Wednesday, 10 March 2010
NEWS FROM SKINNY COW
Want a new Wardrobe in 2010? The Skinny Cow® Hot Chocolate and Kelly Brook say ‘Oh Yes, you can!’
Coming to the rescue of fashionistas feeling the pinch of Christmas and the recession – The Skinny Cow® has teamed up with Kelly Brook to host a celebrity charity Swap Shop, to raise funds for Marie Curie Cancer Care.
With items donated by the likes of Holly Willoughby, Sarah Harding and Danielle Lloyd – the exclusive Swap Shops will give fashion fiends the chance to breathe new life into their wardrobes through swapping not shopping!
By becoming a fan of The Skinny Cow® on www.facebook.com/skinnycowuk women will be able to enter into a draw to attend the London and Manchester based events. For those women who don’t win an invite to the Swap Shops a facebook ‘Skinny Dip’ will let women battle it out to win more amazing fashion items and get a new look wardrobe for 2010.
The Skinny Cow® , which is owned by Nestlé UK, will be raising funds for Marie Curie Cancer Care, Nestlé UK’s charity of choice for 2009 and 2010 by making a donation for every item ‘swapped’ by a celebrity at the two events and online.
Throughout the year, Nestlé UK is aiming to raise £250,000 which will help fund 12,500 hours of Marie Curie nursing care for terminally ill people and their families in local communities.
Kelly Brook, who is hosting the London Swap shop, said ‘I love the idea of women swapping clothes to create new and different styles! It really encourages creativity and is all for a fantastic cause. I’ve even slipped a few of my own former-favourites in; I can’t wait to get to see all the different things people bring!’
Olivia Hibbert, Assistant Brand Manager for The Skinny Cow® Hot Chocolate said ‘The recession and Christmas has meant a lot of women have been cutting back so we wanted to create the perfect excuse for women to treat themselves to something new without feeling guilty- Oh Yes You Can! The Skinny Cow® is excited to be working in partnership with Kelly Brook to raise funds for Marie Curie Cancer Care by creating a unique event in aid of a great cause.’
For more information or images please contact Frank PR on 0207 693 6999 or email email@example.com
Notes to editors
About Skinny Cow Hot Chocolate:
• Is available in two delicious flavours - Indulgent Chocolate and Indulgent Mint
• Good to know: Skinny Cow hot chocolate is Only 37 calories a mug, low in fat and sugars, a source of fibre, and contains no artificial preservatives, no added colours and no hydrogenated vegetable oils.
• Available at most major supermarkets
• RRP: Jar (200g) £2.99 and single stick (10g) 31p
• Skinny Cow Hot Chocolate - Typical nutritional values per mug (10g serving made with 200ml water) are: Energy: 37kcal/155kJ, Protein: 2.0g, Carbohydrate: 3.9g (of which sugars 3.6g), Fat: 1.5g (of which saturates: 1.0g), Fibre: 1.4g, Sodium: 0.1g, Salt Equivalent: 0.3g
• Skinny Cow Hot Chocolate – Guideline Daily Amounts per mug: Energy: 37kcal (2%*), Sugars: 3.6g (4%*), Fat: 1.5g (2%*), Saturates: 1.0g (5%*), Salt: 0.3g (5%*)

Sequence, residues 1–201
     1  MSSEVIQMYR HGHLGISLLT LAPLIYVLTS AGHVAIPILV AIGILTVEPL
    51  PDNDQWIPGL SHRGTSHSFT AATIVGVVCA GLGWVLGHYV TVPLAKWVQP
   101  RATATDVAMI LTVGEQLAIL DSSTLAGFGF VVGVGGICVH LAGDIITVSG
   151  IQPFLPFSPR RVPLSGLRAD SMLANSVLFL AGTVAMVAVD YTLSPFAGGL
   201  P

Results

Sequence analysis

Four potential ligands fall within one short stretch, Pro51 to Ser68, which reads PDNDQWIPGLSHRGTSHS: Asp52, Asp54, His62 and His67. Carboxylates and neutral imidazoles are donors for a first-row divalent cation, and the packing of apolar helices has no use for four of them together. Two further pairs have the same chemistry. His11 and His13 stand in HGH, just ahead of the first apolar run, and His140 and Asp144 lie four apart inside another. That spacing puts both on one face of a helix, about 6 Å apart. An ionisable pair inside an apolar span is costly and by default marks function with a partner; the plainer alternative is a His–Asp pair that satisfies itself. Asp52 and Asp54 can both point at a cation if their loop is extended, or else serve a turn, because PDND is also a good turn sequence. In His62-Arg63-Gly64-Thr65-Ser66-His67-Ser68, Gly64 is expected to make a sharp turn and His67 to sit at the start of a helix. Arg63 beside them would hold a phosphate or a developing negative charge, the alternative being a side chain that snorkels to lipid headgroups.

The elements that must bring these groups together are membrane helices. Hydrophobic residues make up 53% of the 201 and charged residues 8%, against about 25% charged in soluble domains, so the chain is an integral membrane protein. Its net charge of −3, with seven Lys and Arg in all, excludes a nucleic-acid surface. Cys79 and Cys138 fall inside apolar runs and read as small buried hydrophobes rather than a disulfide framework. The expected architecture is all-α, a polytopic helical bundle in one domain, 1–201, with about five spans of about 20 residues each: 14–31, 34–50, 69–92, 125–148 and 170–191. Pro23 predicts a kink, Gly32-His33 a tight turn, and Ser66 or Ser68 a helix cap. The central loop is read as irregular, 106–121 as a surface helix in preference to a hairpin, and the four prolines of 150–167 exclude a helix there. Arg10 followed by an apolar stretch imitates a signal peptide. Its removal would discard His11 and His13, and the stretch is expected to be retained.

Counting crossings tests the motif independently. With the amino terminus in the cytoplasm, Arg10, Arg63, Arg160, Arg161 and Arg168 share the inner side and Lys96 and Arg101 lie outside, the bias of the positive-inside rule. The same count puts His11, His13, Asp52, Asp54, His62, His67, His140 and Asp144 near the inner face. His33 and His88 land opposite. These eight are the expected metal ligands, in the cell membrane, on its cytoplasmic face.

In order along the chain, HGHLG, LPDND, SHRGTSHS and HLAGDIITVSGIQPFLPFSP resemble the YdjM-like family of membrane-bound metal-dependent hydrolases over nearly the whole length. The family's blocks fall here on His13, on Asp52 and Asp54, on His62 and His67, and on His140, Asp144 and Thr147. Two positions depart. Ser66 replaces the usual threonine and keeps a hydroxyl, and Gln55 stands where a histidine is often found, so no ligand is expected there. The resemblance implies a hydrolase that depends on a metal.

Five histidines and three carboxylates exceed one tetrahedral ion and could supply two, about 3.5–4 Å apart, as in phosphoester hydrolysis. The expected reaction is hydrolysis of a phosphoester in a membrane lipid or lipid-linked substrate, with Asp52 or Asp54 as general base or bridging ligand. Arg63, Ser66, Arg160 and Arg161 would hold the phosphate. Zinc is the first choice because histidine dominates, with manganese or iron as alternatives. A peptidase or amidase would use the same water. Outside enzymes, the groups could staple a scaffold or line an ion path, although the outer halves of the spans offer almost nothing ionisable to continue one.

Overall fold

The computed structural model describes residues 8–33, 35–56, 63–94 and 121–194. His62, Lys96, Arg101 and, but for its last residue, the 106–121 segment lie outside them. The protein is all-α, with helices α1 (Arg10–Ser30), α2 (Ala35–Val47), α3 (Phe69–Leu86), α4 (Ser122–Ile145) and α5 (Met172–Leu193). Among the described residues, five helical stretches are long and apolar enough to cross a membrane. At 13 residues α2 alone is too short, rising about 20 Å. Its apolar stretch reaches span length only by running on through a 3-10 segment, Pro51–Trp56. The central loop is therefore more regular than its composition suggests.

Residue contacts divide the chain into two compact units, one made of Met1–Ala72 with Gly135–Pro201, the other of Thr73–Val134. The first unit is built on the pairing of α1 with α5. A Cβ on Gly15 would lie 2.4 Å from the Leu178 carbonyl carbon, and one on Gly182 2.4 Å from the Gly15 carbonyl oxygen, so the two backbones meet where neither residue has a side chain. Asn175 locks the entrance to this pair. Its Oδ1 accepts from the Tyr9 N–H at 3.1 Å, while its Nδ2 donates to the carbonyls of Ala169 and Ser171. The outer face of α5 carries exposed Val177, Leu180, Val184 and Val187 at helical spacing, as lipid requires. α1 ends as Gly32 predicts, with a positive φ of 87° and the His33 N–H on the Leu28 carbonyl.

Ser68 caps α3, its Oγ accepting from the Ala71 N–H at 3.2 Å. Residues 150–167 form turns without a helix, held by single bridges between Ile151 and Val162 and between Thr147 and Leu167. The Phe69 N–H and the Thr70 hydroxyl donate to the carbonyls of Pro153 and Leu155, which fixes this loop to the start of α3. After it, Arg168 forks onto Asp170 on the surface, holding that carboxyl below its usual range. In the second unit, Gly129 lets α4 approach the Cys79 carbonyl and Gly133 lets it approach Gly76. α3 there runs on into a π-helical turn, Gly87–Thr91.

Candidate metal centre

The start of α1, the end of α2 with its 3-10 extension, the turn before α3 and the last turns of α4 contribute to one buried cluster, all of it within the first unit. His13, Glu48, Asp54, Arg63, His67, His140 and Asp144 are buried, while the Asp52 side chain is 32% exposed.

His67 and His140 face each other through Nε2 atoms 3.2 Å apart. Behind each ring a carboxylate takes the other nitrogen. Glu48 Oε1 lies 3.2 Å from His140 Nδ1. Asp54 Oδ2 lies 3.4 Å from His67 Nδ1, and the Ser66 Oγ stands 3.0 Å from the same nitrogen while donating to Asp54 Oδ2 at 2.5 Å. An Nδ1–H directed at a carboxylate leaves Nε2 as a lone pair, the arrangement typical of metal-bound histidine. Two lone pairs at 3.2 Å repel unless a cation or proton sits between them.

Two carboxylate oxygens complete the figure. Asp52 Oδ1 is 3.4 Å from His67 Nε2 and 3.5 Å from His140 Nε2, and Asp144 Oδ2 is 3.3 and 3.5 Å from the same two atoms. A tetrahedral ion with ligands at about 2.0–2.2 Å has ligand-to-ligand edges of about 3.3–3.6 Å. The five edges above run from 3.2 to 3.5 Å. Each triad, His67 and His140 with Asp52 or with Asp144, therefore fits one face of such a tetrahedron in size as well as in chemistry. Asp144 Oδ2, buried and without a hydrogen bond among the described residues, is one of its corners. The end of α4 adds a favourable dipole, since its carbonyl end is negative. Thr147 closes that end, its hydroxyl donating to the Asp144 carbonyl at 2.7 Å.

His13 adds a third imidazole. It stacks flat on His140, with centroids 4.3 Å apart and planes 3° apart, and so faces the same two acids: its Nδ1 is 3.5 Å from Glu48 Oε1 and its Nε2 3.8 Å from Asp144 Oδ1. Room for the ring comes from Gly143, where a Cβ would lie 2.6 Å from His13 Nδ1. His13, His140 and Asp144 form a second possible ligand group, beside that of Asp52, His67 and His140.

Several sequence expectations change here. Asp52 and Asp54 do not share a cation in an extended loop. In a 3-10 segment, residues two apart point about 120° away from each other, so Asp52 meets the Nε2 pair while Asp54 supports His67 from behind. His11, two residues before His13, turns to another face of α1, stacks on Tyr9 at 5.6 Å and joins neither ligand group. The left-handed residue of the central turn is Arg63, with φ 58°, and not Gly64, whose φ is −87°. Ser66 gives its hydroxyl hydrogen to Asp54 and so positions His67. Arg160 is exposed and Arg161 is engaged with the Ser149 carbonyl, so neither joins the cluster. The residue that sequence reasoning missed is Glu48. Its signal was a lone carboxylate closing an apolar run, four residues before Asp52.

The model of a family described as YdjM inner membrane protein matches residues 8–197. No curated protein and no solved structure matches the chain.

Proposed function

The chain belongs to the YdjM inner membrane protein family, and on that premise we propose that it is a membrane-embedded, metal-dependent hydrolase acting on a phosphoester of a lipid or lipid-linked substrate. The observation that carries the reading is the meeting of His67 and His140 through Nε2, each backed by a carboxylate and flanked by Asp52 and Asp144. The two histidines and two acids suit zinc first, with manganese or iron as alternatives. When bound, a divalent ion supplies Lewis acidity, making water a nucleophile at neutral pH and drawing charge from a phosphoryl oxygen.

• *% Average Adult Guideline Daily Amount (GDA). GDAs are guidelines. Personal requirements vary depending on age, gender, weight and activity levels. For more information about GDAs, visit, www.whatsinsideguide.
Swishing, which The Skinny Cow Swap Shop is based on, involves getting your friends together to swap gorgeous clothes and socialise at the same time. Every girl must bring at least one good quality, clean item of clothing, or an accessory, that she'd feel proud to hand on and once all attendees are assembled the clothes are pooled together and the choosing begins.
The Skinny Cow® Hot Chocolate is aiming to raise £15,000 through the Swap Shop activity alone for Marie Curie Cancer Care.
About Marie Curie Cancer Care:
Marie Curie Cancer Care is one of the UK’s largest charities. Employing more than 2,700 nurses, doctors and other healthcare professionals, it expects to provide care to around 29,000 terminally ill patients in the community and in its hospices this year and is the largest provider of hospice beds outside the NHS.
Around 70 per cent of the charity’s income comes from the generous support of thousands of individuals, membership organisations and businesses, with the balance of funds coming from the NHS.
Marie Curie Nurses
The charity is best known for its network of Marie Curie Nurses working in the community to provide end-of-life care, totally free for patients in their own homes.
The charity has two centres for palliative care research, The Marie Curie Palliative Care Research Unit at University College London and The Marie Curie Palliative Care Institute in Liverpool.
It also funds seven fundamental scientific research groups which investigate the causes and treatments of cancer. This research was previously carried out at the Marie Curie Research Institute in Oxted, Surrey. The programmes are now located in universities around the country, and will receive funding from the charity until 2012.
Supporting the choice to die at home
Research shows around 65 per cent of people would like to die at home if they had a terminal illness, with a sizeable minority opting for hospice care. However, more than 50 per cent of cancer deaths still occur in hospital, the place people say they would least like to be. Since 2004 Marie Curie Cancer Care has been campaigning for more patients to be able to make the choice to be cared for and die at home.